Talking Trash is a superlative album of contrasts and tensions: abstract soundscapes alongside dense free jazz note-clusters, narrative environment-portraits, taut well-arranged and composed rhythms with free-form blowing and scraping. The sextet perform immaculately and cannot put a single foot wrong, and the recording by Christian Heck and Stefan Deistler is vivid and clear, creating a great-sounding record. Full marks and highest recommendation for this exemplary example of cutting-edge improvised-composed and well-crafted music. From 22 June 2016.

Not A Drone

emmanuel-mieville

Emmanuel Mieville
Ethers
FRANCE BASKARU karu:36 CD (2015)

Emmanuel Mieville studied sound engineering at cinema school, and learned musique concrète techniques at the GRM. He is a guest composer for Framework’s field recordings based shows, on Resonance FM, produced by Patrick McKinley. Ethers is Mieville’s second album for Baskaru; the first being 2011’s Four Wanderings In Tropical Lands. He also has releases on TIBProd, (an album Denki Colors and a split 3” cd with Töre H. Boe), XingWu, Lona records, Obs, and Crónica. Mieville’s chosen tools here are field recordings from Hong Kong, France and Morocco, with a smidgen of saxophone on the final piece, all treated with Max/MSP and Metasynth.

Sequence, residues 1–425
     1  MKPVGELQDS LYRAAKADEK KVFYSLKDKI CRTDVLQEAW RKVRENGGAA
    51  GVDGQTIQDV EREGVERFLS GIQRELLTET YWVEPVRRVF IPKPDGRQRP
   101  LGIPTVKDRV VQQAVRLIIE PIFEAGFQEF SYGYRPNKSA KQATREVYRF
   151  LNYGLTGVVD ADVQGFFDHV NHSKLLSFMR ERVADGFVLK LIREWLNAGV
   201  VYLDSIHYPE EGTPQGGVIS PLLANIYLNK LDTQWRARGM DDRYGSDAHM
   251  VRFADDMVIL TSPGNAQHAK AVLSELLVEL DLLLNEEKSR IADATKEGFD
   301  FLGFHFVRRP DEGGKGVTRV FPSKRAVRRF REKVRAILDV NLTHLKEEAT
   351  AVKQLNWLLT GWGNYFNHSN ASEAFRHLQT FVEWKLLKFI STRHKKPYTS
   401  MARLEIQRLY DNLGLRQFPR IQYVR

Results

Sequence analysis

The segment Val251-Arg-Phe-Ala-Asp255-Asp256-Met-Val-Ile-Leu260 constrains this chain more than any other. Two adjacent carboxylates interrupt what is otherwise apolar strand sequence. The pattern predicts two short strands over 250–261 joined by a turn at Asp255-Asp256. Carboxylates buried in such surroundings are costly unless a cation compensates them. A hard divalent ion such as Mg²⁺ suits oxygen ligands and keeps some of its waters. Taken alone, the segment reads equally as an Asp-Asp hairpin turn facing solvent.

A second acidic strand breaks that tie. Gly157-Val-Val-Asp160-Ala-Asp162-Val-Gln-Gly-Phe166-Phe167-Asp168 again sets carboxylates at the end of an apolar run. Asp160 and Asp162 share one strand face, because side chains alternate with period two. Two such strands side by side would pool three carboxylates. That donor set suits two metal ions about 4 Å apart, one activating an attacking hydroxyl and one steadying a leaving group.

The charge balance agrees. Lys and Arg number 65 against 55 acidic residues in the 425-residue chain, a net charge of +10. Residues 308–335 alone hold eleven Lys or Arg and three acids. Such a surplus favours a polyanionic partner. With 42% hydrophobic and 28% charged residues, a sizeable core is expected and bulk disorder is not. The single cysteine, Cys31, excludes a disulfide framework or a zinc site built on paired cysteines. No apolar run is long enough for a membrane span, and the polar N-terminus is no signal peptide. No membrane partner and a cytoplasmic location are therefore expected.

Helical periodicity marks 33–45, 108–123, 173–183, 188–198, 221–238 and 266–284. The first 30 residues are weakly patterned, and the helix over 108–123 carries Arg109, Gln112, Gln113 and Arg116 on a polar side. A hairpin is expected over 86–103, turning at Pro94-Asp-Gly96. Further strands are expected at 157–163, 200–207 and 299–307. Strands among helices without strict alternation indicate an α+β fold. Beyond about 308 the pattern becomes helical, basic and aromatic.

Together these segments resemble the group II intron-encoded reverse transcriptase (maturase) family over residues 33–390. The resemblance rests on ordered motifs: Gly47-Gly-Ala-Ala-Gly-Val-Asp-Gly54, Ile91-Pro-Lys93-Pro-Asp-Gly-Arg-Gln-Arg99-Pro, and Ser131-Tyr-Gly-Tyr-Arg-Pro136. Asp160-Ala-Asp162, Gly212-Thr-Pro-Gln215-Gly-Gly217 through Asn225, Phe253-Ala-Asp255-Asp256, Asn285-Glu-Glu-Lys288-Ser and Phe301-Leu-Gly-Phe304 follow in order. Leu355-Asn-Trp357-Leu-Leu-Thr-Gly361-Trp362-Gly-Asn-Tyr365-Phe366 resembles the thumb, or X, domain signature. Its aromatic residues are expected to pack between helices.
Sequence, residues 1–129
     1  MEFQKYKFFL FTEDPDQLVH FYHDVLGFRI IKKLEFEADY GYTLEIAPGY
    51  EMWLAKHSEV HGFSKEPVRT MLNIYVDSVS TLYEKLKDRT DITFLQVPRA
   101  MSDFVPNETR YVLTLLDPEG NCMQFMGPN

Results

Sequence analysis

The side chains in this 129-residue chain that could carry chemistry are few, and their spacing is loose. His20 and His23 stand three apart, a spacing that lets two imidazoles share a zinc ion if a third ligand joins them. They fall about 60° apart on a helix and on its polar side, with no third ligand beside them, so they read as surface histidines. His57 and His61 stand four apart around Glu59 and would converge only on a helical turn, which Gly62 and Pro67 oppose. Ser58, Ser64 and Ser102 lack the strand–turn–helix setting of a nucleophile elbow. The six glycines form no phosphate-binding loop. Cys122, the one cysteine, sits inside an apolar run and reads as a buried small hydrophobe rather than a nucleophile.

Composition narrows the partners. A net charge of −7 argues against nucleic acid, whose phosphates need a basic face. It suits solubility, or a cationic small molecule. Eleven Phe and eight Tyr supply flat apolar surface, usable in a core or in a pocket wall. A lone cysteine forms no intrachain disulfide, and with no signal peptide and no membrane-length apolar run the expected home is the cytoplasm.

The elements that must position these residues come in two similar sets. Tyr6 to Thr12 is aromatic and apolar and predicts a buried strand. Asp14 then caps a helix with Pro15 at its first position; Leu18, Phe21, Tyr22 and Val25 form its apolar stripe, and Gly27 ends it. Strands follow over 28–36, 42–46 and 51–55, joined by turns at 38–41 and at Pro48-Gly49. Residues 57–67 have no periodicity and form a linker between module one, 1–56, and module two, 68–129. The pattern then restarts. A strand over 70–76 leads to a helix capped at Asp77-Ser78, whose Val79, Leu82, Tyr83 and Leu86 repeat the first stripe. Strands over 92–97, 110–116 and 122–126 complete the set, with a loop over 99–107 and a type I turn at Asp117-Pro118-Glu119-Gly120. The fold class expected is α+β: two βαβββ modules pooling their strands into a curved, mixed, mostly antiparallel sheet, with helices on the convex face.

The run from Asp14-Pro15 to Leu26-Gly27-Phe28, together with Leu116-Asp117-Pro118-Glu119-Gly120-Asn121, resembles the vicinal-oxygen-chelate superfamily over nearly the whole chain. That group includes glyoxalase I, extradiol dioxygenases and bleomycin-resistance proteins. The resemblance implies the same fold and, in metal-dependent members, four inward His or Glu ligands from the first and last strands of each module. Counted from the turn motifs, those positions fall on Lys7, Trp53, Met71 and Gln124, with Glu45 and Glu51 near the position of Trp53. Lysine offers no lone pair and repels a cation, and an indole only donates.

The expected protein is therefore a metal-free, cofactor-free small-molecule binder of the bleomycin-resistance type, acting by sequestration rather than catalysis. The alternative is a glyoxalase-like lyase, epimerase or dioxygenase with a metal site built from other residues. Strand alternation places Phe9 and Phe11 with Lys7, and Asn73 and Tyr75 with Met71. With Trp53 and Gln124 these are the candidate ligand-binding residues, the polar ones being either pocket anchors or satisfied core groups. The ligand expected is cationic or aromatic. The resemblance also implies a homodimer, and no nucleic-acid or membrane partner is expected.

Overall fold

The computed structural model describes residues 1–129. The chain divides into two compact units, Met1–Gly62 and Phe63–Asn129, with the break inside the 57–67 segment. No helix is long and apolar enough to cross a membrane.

On the sleeve of this release we get this piece of information: “Ethers is an attempt to give an earthy quality, a dense texture to drone music, to lower it from the ‘skies’.” It is always useful to know the artist’s intention, I feel. Now, there’s dense and there’s dense. If you think Ethers is dense, take a listen to something by John Wall. I would probably disagree with Mieville and say I don’t think this is drone music at all – not because I think the intention has failed. It just doesn’t drone. To me, the use of the term “drone” as a descriptor implies a continuous element of some kind; promoting some kind of transcendent or liberating environment in which to react in the moment. This sounds like a field recording album, albeit a very well-produced one. It has a restrained pace but is hardly glacial in scope; but a field recording album nonetheless. I certainly do not mean this as a criticism, but I do find the use of the term perplexing. Maybe something got lost in translation somewhere along the line.